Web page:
I started off by adding olive oil to a saucepan on a high heat and then tipped in sliced onion, chopped chilli, crushed garlic and smoked paprika. I added seasoning and let it all sauté for 5 minutes. I kept stirring for fear it would burn and then added a can of tomatoes, a can of chickpeas and 100ml of water. Once it came up to the boil, I let it simmer for 10 minutes and then added the fresh prawns. They simmered for about 3-4 minutes and then I added in freshly chopped coriander and lime juice. I served the spiced prawns with boiled rice and garnished with coriander.


The verdict...

Dear Husband said he never tasted anything like this dish before but the nearest thing he resembled it to was a vegetarian curry with prawns (!). I can safely say that he is over his aversion to prawns as the dish scored an amazing 9 marks out of 10! Seriously surprised by this one! It was a very easy recipe to make and relatively quick. I asked Dear Husband when did he think would be a good time to eat this dish and he said for lunch. That safely means that the recipe has made The List. Another good thing about it is that all the ingredients were straightforward in terms of what I needed and how they were prepared and all of them can be found easily in your local supermarket.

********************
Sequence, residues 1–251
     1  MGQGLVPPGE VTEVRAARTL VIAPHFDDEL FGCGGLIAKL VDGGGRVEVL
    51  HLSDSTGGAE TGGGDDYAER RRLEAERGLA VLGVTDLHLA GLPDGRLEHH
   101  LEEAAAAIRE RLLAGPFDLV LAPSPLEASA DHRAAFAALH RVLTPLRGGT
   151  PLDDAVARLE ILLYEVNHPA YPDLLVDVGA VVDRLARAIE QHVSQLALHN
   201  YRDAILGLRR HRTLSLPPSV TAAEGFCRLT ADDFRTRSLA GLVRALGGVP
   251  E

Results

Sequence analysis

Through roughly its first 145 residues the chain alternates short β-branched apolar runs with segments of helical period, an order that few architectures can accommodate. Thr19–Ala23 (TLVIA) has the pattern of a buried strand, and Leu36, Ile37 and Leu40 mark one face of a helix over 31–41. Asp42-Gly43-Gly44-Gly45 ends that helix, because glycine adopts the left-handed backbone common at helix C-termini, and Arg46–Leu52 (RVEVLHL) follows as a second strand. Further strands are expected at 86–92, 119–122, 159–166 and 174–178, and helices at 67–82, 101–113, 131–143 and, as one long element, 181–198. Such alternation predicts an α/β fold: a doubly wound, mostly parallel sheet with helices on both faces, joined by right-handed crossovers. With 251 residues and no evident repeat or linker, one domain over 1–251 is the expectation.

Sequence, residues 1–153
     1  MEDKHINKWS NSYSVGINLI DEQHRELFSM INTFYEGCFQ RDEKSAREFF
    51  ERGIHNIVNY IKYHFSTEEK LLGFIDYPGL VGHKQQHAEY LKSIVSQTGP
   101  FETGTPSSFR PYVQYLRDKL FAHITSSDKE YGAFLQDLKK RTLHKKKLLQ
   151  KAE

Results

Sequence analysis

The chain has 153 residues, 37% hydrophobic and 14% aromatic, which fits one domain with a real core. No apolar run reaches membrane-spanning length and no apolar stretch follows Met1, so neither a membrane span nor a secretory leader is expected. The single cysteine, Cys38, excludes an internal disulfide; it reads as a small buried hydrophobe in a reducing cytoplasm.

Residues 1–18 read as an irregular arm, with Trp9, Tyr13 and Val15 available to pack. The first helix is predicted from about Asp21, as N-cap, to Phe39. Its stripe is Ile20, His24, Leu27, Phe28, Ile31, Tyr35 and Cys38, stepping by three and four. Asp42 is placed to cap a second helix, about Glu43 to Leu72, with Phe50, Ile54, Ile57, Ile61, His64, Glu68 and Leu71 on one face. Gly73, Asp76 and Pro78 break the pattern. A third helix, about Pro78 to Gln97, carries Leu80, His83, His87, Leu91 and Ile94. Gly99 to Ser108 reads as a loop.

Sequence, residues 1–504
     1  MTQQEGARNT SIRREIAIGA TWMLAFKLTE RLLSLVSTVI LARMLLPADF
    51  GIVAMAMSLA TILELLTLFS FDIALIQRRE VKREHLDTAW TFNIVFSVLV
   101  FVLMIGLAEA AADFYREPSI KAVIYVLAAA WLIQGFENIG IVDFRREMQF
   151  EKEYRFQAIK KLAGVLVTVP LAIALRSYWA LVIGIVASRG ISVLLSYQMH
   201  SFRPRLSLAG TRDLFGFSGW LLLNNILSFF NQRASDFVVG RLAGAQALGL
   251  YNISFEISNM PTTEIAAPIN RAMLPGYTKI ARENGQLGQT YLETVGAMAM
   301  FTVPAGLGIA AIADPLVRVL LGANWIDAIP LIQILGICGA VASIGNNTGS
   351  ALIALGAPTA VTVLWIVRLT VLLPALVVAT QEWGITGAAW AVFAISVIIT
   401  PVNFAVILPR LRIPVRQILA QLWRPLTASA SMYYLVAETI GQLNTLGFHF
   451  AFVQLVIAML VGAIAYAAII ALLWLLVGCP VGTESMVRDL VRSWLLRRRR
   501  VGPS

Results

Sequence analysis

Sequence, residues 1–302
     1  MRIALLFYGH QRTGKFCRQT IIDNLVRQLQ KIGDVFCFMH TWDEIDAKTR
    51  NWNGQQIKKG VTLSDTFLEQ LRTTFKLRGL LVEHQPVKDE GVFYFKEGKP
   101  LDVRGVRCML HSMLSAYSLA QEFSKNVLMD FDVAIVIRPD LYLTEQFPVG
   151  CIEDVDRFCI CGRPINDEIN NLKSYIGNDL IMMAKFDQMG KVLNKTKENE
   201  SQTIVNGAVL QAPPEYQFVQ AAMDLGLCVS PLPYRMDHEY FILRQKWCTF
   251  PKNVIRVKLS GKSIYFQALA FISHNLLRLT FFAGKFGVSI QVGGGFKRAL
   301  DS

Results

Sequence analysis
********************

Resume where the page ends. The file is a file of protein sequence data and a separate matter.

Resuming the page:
So, there you go. A new week off to a good start and hopefully the remainder will prove as promising in the kitchen…

Tuesday, 21 August 2012

Day 103: Coconut and cardamom pannacotta


Uh-oh. This did not work out well. At all. Not only did I make the Coconut and cardamon pannacotta once, but twice. Worse still, both times were a disaster. Along with meringues, I can now add ‘working with gelatine’ as the no.2 item on the list of cooking tasks which I cannot do properly. I was really keen to make this recipe as it said it would only take 10 minutes of preparation and 5 minutes of cooking but that plan didn't exactly work out. So, here’s what happened…

The first time I made this recipe, I ground cardamom seeds using a pestle and mortar and then added them to a saucepan of cream and sugar. I brought the mixture up to the boil and then let it simmer before setting aside to infuse. Next was the gelatine. Oh, how I now hate working with this stuff! I used leaf gelatine so I placed the leaves in a bowl with cold water to cover and set it aside for 5 minutes until the gelatine became very soft. Well, that’s what the recipe said at least. In a large bowl, I gave a can of coconut milk a whisk (obviously having taken it out of the can!) and then put the cream mixture on to heat again. I added the gelatine into the coconut milk and mixed before putting it through a sieve into the cream mixture. I gave it a stir and divided it into four glasses.